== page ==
Satyajit Ray's choice of the Imambara at Metiabruz in Calcutta's southwestern fringe to shoot many scenes of his landmark Shatranj Ke Khiladi three decades ago wasn't a random pick. In fact, the location couldn't have been more apt for the subject of the film—a nuanced depiction of the decline of the kingdom and ruler of Awadh. For, it was to Metiabruz—a corruption of the original 'Matiya Burj' or mound of earth—that Wajid Ali Shah, Awadh's last nawab who was deposed by the British, was exiled. All that remains of the 31 years that the nawab spent at Metiabruz since his exile in 1856 is a sprawling Imambara and a private mosque (the Shah Masjid) that he built ten years after arriving here. And though both are in a state of dilapidation, it now looks as if they won't meet the same sad end as their creator and his kingdom: the Left-ruled Calcutta Municipal Corporation has decided to spend Rs 42 lakh for urgent repairs of the two structures.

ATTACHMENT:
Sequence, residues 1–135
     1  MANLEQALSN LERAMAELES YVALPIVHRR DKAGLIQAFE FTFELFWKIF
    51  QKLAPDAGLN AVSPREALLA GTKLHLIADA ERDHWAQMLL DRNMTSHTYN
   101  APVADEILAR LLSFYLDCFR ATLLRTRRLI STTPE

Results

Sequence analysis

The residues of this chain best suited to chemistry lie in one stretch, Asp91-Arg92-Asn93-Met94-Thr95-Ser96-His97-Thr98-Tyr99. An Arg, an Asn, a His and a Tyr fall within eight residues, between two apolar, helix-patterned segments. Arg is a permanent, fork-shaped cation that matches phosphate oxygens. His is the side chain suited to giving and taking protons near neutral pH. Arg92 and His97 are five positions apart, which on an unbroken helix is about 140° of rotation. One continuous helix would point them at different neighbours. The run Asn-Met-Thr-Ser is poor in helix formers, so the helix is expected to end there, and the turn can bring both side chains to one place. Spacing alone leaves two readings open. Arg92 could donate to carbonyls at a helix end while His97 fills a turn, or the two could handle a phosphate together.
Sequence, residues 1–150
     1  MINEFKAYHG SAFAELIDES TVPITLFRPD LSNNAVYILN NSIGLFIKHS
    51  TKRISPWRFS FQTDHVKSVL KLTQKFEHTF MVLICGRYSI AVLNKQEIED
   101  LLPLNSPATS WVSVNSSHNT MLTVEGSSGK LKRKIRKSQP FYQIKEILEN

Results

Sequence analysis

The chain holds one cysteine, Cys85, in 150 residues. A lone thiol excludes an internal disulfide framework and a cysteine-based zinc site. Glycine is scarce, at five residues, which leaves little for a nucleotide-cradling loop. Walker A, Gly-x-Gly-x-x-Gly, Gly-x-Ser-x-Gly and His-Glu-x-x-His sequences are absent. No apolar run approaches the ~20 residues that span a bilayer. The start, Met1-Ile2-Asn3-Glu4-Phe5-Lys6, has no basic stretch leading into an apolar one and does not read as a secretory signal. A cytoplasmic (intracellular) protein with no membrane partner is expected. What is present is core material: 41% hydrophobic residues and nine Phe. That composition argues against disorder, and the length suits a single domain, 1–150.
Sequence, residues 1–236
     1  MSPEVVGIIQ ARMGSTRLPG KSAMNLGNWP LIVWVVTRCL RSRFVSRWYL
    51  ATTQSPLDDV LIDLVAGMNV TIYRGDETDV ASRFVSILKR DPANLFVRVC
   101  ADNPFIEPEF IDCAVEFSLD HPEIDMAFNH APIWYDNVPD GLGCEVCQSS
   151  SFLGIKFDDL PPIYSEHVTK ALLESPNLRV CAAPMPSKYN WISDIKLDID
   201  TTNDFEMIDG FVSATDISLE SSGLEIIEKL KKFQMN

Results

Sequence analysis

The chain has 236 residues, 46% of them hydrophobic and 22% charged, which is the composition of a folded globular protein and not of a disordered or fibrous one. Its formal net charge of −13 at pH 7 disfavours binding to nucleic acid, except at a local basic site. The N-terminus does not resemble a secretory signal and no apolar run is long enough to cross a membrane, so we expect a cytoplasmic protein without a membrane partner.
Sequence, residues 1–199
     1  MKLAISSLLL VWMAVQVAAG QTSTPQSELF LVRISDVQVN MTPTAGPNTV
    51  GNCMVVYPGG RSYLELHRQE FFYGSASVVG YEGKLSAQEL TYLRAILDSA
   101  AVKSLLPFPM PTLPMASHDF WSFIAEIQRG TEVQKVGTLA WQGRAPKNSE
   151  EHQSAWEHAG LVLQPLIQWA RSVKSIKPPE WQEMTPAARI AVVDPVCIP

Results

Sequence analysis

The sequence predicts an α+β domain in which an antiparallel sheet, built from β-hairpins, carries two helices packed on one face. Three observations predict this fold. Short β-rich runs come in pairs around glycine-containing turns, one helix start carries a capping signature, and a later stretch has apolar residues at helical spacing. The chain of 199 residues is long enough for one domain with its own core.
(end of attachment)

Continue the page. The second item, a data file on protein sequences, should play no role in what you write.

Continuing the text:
The Imambara is like a miniature, though less ornate, model of the grand Bara Imambara at Lucknow that was built by Wajid Ali's great-grandfather Asaf-ud-Daulah in 1784. However, this Imambara also has its rich slice of history, including tazias that date back to Wajid Ali's times. The nawab's grave, as that of his son and many of his descendants, are located inside the Imambara.